At a roundtable with the nation’s top educators on Monday afternoon, at least one teacher told Education Secretary Betsy DeVos that her favored policies are having a negative effect on public schools, HuffPost has learned.
DeVos met privately with over 50 teachers who had been named 2018 teachers of the year in their states. As part of the discussion, teachers were asked to describe some of the obstacles they face at their jobs and were given the opportunity to ask the education secretary questions.
Jon Hazell, Oklahoma’s teacher of the year, told DeVos that school choice policies are draining traditional public schools of resources in his state. He specifically referenced charter schools and private schools in voucher programs, Hazell told HuffPost. His comment received support from other teachers in the room.
But Hazell, a Republican who voted for President Donald Trump, said he found DeVos’ responses to his concerns unsatisfactory.
DeVos told Hazell that students might be choosing these schools to get out of low-performing public schools, he said.
“I said, ‘You’re the one creating the ‘bad’ schools by taking all the kids that can afford to get out and leaving the kids who can’t behind,’” Hazell said he told DeVos in response. (Hazell said he was not referring to DeVos specifically as creating the “bad” schools but to school choice policies generally.)
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The centerpiece of DeVos’ education agenda involves expanding school choice policies. Before entering the White House, she spent years advocating for these programs and pouring money into the cause.
Brian McDaniel, California’s teacher of the year, confirmed Hazell’s version of events. He described the two as nearly engaging in a “verbal sparring session” and said DeVos’ staffers looked eager to take Hazell’s mic away, although they never did. Tara Bordeaux, Texas’ teacher of the year, said Hazell’s line of questioning hit on the concerns of “a lot of educators right now.”
At one point during the event, DeVos talked about how traditional public schools and charter schools should be thought of as parts of the same public school system, a comment that irked educators in the room because the two types of school are managed differently and subject to different rules and regulations. Charter schools are publicly funded but often privately operated. Melissa Romano, Montana’s teacher of the year, and McDaniel said they believed DeVos was including voucher programs in that statement. Voucher programs provide children with publicly funded scholarships to private schools.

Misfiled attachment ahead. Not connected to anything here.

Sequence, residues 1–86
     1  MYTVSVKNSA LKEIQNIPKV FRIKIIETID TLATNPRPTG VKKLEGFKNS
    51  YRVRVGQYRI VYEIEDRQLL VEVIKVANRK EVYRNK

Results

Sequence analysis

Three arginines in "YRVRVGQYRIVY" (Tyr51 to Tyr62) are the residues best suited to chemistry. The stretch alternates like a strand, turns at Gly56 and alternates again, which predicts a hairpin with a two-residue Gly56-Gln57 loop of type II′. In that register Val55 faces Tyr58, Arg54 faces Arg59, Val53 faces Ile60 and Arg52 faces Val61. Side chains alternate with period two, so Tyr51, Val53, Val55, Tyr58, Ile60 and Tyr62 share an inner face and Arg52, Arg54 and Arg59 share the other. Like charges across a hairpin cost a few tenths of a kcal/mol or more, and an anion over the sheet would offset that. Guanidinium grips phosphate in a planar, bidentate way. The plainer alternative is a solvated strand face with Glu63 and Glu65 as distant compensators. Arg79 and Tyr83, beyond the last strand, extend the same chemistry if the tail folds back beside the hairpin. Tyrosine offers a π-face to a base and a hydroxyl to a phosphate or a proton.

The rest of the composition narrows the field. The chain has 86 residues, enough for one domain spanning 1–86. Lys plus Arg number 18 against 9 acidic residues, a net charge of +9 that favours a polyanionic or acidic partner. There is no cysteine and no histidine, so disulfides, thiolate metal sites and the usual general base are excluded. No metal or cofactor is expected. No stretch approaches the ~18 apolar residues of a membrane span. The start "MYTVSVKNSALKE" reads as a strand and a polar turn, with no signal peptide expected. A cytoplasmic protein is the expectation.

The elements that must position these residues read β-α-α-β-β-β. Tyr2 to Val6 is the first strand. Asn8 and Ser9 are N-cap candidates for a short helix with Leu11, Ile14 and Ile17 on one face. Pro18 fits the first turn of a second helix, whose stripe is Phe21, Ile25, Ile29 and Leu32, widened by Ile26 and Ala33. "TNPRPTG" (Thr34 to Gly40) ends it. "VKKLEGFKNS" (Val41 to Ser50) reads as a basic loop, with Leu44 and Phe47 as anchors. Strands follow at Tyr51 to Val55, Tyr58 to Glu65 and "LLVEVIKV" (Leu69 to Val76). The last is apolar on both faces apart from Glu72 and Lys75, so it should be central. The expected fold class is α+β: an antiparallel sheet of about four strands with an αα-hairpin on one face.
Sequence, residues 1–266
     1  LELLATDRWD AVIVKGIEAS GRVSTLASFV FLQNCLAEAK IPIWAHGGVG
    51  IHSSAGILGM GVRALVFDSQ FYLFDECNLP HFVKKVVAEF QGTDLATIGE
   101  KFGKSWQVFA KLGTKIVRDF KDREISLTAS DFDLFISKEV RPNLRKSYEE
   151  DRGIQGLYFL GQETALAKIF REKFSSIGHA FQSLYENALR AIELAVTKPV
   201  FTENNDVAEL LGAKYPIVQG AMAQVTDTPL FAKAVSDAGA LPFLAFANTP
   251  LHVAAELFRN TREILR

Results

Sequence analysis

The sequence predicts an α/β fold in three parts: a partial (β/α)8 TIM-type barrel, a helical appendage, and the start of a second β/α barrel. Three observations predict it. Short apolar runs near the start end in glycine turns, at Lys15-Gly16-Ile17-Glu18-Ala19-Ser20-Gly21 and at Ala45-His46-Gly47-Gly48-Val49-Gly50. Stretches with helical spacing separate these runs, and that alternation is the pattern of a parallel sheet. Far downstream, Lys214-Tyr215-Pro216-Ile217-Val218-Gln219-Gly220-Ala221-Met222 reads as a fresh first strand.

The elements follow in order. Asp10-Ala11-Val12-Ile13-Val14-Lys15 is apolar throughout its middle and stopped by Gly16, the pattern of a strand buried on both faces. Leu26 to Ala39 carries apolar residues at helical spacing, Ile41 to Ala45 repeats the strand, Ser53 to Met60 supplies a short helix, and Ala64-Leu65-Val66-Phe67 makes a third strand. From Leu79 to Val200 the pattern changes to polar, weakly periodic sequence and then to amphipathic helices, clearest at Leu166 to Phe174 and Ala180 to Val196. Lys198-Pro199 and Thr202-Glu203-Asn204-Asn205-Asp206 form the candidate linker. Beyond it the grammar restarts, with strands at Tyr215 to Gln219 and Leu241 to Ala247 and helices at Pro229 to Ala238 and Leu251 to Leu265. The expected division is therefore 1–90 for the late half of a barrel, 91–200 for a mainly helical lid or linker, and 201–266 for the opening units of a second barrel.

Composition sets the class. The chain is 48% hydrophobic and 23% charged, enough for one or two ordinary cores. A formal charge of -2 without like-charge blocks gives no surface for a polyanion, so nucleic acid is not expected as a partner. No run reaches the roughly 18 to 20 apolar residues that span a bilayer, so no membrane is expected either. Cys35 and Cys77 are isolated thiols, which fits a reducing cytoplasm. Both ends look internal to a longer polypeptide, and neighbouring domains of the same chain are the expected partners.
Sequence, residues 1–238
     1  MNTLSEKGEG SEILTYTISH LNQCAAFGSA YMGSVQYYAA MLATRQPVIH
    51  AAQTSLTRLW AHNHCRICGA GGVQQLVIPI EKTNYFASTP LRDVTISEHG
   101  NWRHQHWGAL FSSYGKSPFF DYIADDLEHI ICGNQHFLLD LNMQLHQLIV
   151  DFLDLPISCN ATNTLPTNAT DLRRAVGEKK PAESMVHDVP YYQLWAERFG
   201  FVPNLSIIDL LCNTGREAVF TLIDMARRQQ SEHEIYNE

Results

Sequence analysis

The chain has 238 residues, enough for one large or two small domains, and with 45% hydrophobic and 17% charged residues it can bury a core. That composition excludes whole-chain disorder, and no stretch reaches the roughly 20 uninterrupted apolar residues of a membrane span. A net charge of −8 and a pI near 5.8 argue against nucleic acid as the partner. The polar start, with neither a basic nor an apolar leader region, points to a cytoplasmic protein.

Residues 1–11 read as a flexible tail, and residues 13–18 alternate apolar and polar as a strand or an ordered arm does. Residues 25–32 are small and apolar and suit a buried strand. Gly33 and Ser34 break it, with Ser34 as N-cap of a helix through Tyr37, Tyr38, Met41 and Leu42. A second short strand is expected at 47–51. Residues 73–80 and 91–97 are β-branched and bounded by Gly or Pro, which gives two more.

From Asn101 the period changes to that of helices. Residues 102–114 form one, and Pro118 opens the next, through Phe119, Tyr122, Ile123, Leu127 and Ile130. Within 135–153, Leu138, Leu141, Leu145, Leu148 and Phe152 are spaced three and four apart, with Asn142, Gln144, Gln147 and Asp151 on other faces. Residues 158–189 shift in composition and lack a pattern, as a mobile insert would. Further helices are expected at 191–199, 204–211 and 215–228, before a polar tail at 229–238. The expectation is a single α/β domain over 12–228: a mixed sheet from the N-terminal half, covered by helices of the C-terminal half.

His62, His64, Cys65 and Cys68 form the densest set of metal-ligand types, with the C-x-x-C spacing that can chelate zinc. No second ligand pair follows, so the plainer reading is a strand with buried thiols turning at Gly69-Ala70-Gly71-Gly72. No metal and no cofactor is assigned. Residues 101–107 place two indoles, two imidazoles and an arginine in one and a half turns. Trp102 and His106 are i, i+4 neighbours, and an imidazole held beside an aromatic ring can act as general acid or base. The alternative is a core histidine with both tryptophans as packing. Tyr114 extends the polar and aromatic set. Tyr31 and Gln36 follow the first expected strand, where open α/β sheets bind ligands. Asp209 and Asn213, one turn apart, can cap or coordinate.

“That was a shocker to all the teachers in the room,” Hazell, a science teacher of 35 years, told HuffPost.
For her to say at the ‘expense of children’ was a very profound moment and one I’ll remember forever because that is so far from what is happening -- Melissa Romano, Montana’s teacher of the year
Overall, both Hazell and McDaniel said, DeVos was a friendly, attentive listener who was respectful of the teachers’ opinions. They said teachers also remained respectful in their critiques. However, both said they left the meeting immensely disappointed.
McDaniel, a music teacher, initially had high hopes for the meeting. After he pressed DeVos for more support for music education, she expressed support for the subject and said she would look into providing more backing for the arts.
“If I would have left the room right then and there, that would have been probably the greatest moment of my life as an educator,” McDaniel said. “Things slowly started to erode, though.”
Hazell and McDaniel said that at one point DeVos expressed opposition to teachers going on strike for more education funding. Indeed, DeVos has an intensely fraught relationship with teachers unions, and her family has a long history of working against organized labor.
“She basically said that teachers should be teaching and we should be able to solve our problems not at the expense of children,” Romano said. “For her to say at the ‘expense of children’ was a very profound moment and one I’ll remember forever because that is so far from what is happening.”
DeVos took questions for about 30 minutes. Not all teachers had the opportunity to have questions answered.
Representatives from the Department of Education did not respond to requests for comment. The White House is slated to hold a formal reception for the states’ teachers of the year on Wednesday.
“I think a lot of us were grateful about having the opportunity to speak with the secretary and be in the presence of the Department of Education,” McDaniel said. “However, I left with more questions than answers.”
This article originally appeared on HuffPost.